Colorado Springs attorneys filed an appeal in the city's dispute over whether it owes the Public Employees' Retirement Association millions in pension liabilities for Memorial Hospital employees.
The move after a retired Adams County judge ruled in favor of PERA on Feb. 11 - a decision that was "truly the first of its kind in Colorado," according to the city's motion, released Tuesday.
"No Colorado court - let alone the Colorado Supreme Court or Court of Appeals - has ever decided, let alone addressed, whether this type of leasing-privatizing transaction triggers" a series of steps resulting in payments to PERA, the city argued in its motion.
A call to PERA's general counsel seeking comment wasn't returned Tuesday evening.
The appeal is the latest in a dispute between the city of Colorado Springs and PERA that began when the city leased Memorial Hospital to University of Colorado Health on Oct. 1, 2012.
In doing so, it pulled about 4,000 employees out of the pension fund - leaving PERA officials concerned about a massive pension account's actuarial soundness.
Two weeks ago, Harlan Bockman, a privately hired judge, ruled that the city ignored the process for leaving PERA.
Specifically, city officials never sought approval from PERA's board and didn't seek a vote from hospital employees before pulling them out of PERA. Most importantly, the city didn't pay any unfunded pension liabilities to PERA, the judge said.
PERA has sought $190 million to cover those pension accounts, as well as interest. As of Oct. 28, that interest reached $15 million, and it continues to grow.
In filing its appeal, city attorneys questioned whether that departure process applies "when a municipality leases the operations of its wholly-owned public hospital," the motion said.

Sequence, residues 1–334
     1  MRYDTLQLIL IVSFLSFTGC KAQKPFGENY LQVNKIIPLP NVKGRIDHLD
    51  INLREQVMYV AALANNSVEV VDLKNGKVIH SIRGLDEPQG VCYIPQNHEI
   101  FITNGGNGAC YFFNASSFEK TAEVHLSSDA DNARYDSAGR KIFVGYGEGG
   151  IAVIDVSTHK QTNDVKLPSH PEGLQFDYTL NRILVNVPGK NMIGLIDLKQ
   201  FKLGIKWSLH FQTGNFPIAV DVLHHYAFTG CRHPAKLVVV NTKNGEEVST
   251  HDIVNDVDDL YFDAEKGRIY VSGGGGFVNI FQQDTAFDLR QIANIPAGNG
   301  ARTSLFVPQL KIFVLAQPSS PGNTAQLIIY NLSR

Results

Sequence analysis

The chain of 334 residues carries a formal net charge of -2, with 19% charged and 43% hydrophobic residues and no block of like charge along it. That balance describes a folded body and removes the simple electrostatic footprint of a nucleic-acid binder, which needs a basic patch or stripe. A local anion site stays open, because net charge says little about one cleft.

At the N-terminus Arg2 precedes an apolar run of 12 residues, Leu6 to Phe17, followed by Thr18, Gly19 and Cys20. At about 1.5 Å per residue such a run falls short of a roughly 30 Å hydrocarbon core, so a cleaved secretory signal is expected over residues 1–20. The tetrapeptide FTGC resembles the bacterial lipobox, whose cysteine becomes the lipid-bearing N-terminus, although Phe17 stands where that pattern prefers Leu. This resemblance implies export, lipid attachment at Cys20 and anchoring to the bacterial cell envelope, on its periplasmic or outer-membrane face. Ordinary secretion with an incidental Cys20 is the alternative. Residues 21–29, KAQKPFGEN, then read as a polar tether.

In the past, city attorneys have argued that the city owes nothing because Memorial wasn't moving to another public entity, but a private one.
Also, they argued at a January hearing that Memorial was still technically a PERA entity - even if it had no employees - because it was still owned by the city.
The type of appeal filed by the city on Monday is called an interlocutory appeal, which is used specifically for cases that have yet to receive a final ruling.
One possible reason the city chose that type of appeal is that Bockman's Feb. 11 ruling did not include a specific monetary amount owed to PERA - a detail highlighted by city attorneys in the wake of his decision.
It remained unclear Tuesday evening whether Bockman has signed off on the city's request seeking an appeal. Either PERA or Bockman must certify the city's motion for the appeal to move to the Colorado Court of Appeals.
City attorneys expressed optimism in their motion that an appellate ruling could finally resolve the dispute - largely because the court could offer the state its first opinion on such a matter.
The outcome could have major implications for a foundation established to oversee all money given to the city from UCHealth.
So far, $259 million remains tied up in escrow awaiting the case's resolution, $185 of which was specifically earmarked for any possible pension liabilities.
Before word emerged of the appeal, board members overseeing the Colorado Springs Health Foundation met Tuesday to discuss forming vision and mission statements.
"One way or another we're going to have some money," said Jon Medved, the board's president. "And if it's even at the low end of what they're talking about, it will be several millions of dollars."
At times, though, they lamented being hamstrung by the uncertainty looming over the foundation's finances - for example, when considering whether they should strive to make El Paso and Teller counties "the healthiest counties in Colorado."
"The challenge I have is, I like bold," said R. Thayer Tutt Jr., a board member and the El Pomar Foundation's president and chief investment officer. "And I think a $250 to $300 million foundation, that is reachable at different levels.
"But a $50 million foundation, I don't think it is."
Tutt later acknowledged that other foundations have done good work with far less money.
"But I like being bold ..." he added.
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